Saturday, November 12, 2005 | The top two finishers in each of the City Council races held Tuesday will square off in a runoff election Jan. 10 to determine who fills the spots formerly held by two convicted councilmen.
While the top two finishers in Tuesday’s City Council races will compete in a runoff Jan. 10, it could be only the second of four times within a year’s span that voters in Districts 2 and 8 show up to their polling places to choose a council representative.
Because no candidate in either race won more than 50 percent of the vote, the two highest vote-getters in the Districts 2 and 8 elections will be extending their campaigns for another two months to compete for the council posts that were held by Michael Zucchet and Ralph Inzunza, who stepped down in July after a federal jury found them guilty of corruption. A judge Thursday ruled that Zucchet was acquitted or will be tried again on the charges he was convicted of this summer, and Inzunza will serve 21 months in prison.
The winners on Jan. 10 will complete the four-year term of those council posts, but will likely be campaigning as early as February for a June primary and possible November 2006 runoff.
In other words, the expansive election cycle San Diegans have endured over the last two years – starting with the October 2003 recall of then-Gov. Gray Davis and continuing on with a presidential primary (June 2004), presidential general election (November 2004), District 4 special election (January), citywide special election (July) and Tuesday’s statewide ballot bonanza.
The voters of Districts 2 and 8 are lucky enough to face three more democratic endeavors in 2006, giving them the pleasure of having rallied to the polls eight times since the last governor’s race.
“I have sensed the frustration of voters. The political process has really come to their doorstep,” said Ben Hueso, who coasted in Tuesday’s District 8 primary with 39 percent of the total vote.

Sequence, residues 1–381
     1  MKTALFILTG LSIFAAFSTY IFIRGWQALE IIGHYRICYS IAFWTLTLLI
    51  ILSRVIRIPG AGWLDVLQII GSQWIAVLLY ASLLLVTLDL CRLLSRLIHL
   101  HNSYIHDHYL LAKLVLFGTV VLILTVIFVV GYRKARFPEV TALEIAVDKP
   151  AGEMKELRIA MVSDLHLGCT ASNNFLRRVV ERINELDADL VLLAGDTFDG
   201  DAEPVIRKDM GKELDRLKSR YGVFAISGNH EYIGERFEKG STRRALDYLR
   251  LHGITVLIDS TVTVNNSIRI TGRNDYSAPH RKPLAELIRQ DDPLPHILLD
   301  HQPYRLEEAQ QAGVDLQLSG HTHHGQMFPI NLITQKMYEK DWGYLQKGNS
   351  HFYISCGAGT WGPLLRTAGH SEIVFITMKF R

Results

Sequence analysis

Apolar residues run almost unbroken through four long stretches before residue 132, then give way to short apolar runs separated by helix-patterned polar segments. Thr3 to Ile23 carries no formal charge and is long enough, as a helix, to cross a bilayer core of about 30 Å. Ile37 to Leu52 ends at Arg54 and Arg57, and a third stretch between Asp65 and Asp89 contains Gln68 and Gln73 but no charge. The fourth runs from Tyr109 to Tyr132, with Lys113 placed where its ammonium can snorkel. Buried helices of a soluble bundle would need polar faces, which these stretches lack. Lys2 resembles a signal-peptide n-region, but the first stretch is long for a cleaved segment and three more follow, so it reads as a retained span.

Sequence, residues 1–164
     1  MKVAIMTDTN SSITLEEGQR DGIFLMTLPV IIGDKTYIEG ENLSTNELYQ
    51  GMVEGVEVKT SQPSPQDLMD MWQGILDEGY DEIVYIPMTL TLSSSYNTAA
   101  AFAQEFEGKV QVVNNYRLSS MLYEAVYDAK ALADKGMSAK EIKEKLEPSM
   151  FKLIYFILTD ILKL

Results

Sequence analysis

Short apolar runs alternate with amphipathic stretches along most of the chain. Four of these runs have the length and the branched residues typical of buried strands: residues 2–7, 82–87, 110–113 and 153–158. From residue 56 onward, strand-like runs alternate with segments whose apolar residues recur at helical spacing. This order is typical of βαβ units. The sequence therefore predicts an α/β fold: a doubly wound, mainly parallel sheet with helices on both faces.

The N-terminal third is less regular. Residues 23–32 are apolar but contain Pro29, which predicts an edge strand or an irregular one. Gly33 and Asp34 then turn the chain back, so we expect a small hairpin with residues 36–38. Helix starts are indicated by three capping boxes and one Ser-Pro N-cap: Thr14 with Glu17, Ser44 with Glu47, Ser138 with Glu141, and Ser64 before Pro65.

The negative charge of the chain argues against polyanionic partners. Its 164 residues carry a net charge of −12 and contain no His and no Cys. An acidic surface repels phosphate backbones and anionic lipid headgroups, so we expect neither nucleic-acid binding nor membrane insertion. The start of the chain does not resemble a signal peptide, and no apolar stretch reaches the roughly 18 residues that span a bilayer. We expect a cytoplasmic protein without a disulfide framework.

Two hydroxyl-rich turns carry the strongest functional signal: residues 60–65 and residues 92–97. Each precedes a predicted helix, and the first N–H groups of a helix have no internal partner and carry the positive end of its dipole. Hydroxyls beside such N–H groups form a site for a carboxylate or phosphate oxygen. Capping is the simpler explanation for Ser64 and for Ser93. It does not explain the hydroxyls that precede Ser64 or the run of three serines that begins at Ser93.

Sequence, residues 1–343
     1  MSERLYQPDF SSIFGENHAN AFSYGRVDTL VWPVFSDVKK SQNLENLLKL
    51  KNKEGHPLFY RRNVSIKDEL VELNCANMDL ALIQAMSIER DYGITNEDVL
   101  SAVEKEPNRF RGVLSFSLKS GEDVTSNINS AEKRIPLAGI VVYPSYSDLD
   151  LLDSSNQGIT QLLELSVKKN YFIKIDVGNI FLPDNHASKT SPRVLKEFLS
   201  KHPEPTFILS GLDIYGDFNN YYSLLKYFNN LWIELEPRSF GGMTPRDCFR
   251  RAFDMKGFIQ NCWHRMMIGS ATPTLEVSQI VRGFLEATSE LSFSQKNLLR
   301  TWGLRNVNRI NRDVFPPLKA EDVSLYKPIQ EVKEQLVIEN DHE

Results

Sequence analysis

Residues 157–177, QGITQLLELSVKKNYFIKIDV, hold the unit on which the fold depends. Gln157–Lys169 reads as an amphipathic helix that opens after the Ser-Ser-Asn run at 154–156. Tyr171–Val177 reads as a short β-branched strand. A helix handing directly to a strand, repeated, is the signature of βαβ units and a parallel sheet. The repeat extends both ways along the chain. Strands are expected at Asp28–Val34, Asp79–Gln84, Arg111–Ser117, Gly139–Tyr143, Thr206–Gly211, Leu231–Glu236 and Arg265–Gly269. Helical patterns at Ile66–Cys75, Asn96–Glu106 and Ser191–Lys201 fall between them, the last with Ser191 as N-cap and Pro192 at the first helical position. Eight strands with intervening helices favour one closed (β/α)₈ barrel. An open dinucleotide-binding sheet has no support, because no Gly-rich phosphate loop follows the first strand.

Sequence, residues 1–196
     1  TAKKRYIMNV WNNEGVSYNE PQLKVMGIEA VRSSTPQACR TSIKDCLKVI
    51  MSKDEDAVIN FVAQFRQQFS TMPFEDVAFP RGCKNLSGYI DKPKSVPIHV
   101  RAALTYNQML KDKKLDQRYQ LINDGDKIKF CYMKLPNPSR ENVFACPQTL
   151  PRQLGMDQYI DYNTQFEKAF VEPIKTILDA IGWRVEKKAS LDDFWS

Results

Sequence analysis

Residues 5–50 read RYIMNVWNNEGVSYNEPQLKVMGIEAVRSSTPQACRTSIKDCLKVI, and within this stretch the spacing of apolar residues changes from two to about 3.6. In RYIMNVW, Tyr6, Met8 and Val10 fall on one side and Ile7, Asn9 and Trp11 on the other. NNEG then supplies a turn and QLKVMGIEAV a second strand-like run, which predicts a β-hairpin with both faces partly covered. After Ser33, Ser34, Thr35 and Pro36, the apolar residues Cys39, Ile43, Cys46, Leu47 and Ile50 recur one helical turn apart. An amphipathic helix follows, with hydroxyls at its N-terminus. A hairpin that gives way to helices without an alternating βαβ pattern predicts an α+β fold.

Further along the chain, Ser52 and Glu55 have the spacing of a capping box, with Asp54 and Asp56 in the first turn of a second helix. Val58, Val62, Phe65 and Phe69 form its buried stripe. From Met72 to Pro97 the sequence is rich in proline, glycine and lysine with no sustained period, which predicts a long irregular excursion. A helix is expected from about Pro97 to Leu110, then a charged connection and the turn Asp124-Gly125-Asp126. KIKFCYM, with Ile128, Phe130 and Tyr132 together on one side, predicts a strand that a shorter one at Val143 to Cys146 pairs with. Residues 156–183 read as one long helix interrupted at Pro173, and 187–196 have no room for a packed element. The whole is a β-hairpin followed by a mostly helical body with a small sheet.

Hueso, an organizational consultant, will square off against school board president Luis Acle, who won 19 percent. The runoff will be a rematch of the school board race South San Diego residents witnessed two elections ago, when Acle defeated Hueso 52 percent to 48 percent in a constituency partly containing the City Council district they are competing to represent.
In District 2, public relations executive Kevin Faulconer and environmental attorney Lorena Gonzalez advanced on Tuesday, with Faulconer receiving about 35 percent and Gonzalez garnering 25 percent in the primary.
Several candidates in Tuesday’s election announced that they have decided they will not run next June, saying they were turned off by the amount of money and politicking it takes to get elected or want to make the contest for the next term less contentious than the current election to provide some stability for the district.
Ian Trowbridge, who placed seventh among 17 candidates in the District 2 primary, pledged before the campaign season officially commenced that he would not run in the June primary if he were defeated in the special election.
“The councilman or councilwoman will only have been in there for a few weeks and will have no record that is any different than the record they have now,” Trowbridge said. “The voters will have to go to the polls four times in one year and the taxpayers will have to pay for those elections.”
Although Tuesday’s election attracted 26 candidates to vie for two council seats, San Diego State University political scientist Brian Adams said he predicts much slimmer fields in those races come June. He said that constant-election conundrums like those in Districts 2 and 8 have occurred in Los Angeles, and that the winner of the special election usually runs unopposed or virtually unopposed in the subsequent contest.
“It’s not just voter fatigue, but candidates get fatigued, too,” Adams said.
Experts see the Jan. 10 election to have a low voter turnout, given that the runoff will be the only item on the ballot, not as widely publicized as major political races or state propositions, and the contest’s date is right after the holiday season when voters aren’t paying as much attention to politics.